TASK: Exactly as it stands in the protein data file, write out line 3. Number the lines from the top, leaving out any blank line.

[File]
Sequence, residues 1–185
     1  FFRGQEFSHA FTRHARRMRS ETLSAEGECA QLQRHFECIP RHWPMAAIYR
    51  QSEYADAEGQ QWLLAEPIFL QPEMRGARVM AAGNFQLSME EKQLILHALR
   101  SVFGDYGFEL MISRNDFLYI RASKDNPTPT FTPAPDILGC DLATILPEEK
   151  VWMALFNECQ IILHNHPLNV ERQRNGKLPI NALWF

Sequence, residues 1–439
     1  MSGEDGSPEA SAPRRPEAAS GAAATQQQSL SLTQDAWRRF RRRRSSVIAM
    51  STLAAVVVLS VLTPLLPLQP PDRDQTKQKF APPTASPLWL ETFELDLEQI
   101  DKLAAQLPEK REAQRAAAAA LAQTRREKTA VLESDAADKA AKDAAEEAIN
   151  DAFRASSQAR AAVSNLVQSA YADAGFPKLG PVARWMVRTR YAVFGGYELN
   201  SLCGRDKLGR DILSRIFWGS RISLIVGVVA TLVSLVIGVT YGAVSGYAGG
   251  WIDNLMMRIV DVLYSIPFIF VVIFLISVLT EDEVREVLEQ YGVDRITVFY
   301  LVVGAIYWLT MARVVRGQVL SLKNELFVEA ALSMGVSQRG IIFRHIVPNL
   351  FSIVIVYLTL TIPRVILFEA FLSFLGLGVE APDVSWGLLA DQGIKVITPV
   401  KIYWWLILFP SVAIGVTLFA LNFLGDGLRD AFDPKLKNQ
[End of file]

    51  QSEYADAEGQ QWLLAEPIFL QPEMRGARVM AAGNFQLSME EKQLILHALR